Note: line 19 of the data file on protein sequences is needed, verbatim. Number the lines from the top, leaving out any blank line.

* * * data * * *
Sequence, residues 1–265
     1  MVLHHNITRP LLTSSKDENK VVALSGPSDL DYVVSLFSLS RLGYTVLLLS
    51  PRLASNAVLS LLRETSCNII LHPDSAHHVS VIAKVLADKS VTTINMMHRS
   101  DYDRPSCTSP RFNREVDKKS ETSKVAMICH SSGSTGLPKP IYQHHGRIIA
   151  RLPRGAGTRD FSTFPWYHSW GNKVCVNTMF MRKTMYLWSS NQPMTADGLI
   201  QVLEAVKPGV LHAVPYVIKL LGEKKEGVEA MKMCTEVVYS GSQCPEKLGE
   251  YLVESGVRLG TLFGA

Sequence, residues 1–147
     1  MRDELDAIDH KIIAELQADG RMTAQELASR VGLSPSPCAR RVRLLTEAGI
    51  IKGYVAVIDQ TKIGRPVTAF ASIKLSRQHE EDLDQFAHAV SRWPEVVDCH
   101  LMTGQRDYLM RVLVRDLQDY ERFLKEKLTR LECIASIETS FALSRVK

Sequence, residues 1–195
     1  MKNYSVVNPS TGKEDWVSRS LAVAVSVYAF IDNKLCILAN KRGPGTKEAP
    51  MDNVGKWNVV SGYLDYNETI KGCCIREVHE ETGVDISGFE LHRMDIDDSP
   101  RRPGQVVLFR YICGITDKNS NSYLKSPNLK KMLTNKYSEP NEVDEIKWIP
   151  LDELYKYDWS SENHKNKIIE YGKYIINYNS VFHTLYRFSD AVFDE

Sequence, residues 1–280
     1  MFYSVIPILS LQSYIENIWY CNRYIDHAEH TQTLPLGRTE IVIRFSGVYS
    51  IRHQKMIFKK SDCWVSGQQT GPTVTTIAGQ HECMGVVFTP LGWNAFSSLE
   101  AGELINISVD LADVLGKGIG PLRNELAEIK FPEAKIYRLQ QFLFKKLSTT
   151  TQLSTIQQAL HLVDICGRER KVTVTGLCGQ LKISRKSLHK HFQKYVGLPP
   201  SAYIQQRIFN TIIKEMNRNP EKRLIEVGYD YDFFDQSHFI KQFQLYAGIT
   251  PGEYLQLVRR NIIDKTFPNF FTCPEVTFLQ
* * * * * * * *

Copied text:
    51  IRHQKMIFKK SDCWVSGQQT GPTVTTIAGQ HECMGVVFTP LGWNAFSSLE